It’s hard to put into words how I feel about the March for our Lives on Washington. It is the largest rally I’ve ever been to and it was in protest of an issue I feel most strongly about. Watching this event – run for the most part by students under the age of 18 – gave me hope. I was blown away by their poise and their passion. I can’t imagine speaking in front of a hundred people, let alone a million. But that’s what these young adults did effortlessly. It truly was a phenomenal display of what these kids have been trying to accomplish. And though, it may sound slightly overboard, I truly believe that the young adults that planned and participated in the marches, and took to the stage with their impassioned pleas, will most definitely change the world for the better.
Each speaker was affected in some way by gun violence – whether as a survivor of a mass shooting, or the family member of someone that was killed by someone with a gun. It was a stark reminder just how prevalent and frighteningly commonplace guns are in the United States today. Though because of what these students have endured, they chose to stand up and fight for a cause they believe in. It was almost as tough to hear the speakers share stories of the friends, family members, and neighbors they’ve lost and just how much they missed them, as it was for the speakers to share.
One of the most inspiring speeches of the day was made by an 11-year-old girl – Naomi Wadler. As a young African-American woman, she spoke of what made her different and how she and so many other young African-American women know that the issues that are affecting their lives aren’t being talked about nearly enough. It was as heartbreaking as it was inspiring. Another young speaker, Yolanda Renee King, Martin Luther King’s granddaughter also captivated the audience with her simple message – “We are going to be a great generation.” She was surely channeling her grandfather’s message of hope, as well as his passionate public speaking skills.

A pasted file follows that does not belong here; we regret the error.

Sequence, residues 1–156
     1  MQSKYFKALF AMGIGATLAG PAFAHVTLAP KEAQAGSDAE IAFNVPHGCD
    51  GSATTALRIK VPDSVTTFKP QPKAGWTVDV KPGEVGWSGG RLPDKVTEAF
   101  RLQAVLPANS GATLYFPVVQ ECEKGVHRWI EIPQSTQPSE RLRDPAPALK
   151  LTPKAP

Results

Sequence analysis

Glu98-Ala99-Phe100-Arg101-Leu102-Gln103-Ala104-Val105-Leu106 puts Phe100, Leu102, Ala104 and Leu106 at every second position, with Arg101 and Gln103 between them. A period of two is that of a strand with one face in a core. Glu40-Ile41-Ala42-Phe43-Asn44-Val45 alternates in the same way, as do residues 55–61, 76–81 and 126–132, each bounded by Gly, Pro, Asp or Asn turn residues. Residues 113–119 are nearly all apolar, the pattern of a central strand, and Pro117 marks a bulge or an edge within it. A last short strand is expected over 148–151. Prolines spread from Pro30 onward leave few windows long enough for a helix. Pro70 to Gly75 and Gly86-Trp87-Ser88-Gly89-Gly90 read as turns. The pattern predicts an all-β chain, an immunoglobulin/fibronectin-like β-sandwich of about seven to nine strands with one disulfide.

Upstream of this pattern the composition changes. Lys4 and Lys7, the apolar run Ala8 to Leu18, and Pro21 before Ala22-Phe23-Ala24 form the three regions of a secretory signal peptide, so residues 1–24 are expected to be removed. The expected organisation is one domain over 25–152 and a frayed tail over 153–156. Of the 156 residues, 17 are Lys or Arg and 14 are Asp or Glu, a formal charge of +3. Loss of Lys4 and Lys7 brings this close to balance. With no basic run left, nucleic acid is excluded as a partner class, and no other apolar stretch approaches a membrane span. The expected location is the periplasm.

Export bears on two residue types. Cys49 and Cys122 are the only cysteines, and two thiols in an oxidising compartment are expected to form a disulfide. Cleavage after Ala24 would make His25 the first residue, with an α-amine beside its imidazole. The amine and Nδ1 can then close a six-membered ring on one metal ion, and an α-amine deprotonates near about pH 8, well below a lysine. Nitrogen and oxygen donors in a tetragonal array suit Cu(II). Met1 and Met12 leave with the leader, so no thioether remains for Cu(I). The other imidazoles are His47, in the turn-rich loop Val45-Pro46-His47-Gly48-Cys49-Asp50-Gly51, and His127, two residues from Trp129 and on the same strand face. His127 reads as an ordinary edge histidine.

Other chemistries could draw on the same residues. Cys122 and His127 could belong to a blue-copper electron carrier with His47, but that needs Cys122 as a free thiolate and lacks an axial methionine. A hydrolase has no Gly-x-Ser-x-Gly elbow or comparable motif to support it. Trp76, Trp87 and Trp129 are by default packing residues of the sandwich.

Other speakers included students from Columbine and relatives of Newtown, Connecticut students. They attended the march in solidarity with the students of Marjory Stoneman Douglas. These young adults are part of a club that no one person wants to belong to. Yet these students know too well what each may be dealing with. That support and dedication will allow these students to flourish and keep up the fight.
Young adults from South Los Angeles, Chicago, Washington DC and other cities across the United States were also on hand to speak to the crowd. These students knew first hand what violence can do. One young man spoke about his twin brother’s murder at just 16, while another young woman spoke about her brother’s death when she was just 5 years old. She heard the pops of the gun – which she thought were fireworks. These stories of gun violence are overwhelming in their commonness yet, they served to empower these students to fight so that no one else needs to endure the losses they have endured throughout their lives. What really sent this point home, was Emma Gonzalez’s fearless speech. As a survivor of the Parkland shooting, she’s become one of the faces of the movement. After reading aloud the names of the students that died in the shooting, she stood stone-faced and silent, with tears in her eyes for the remainder of 6 minutes and 20 seconds – the time it took the shooter to murder 17 of her classmates that. I can’t imagine the guts it took to stand there silently with 1 million sets of eyes on her. The girl is a fighter and I have no doubt she will succeed in her mission.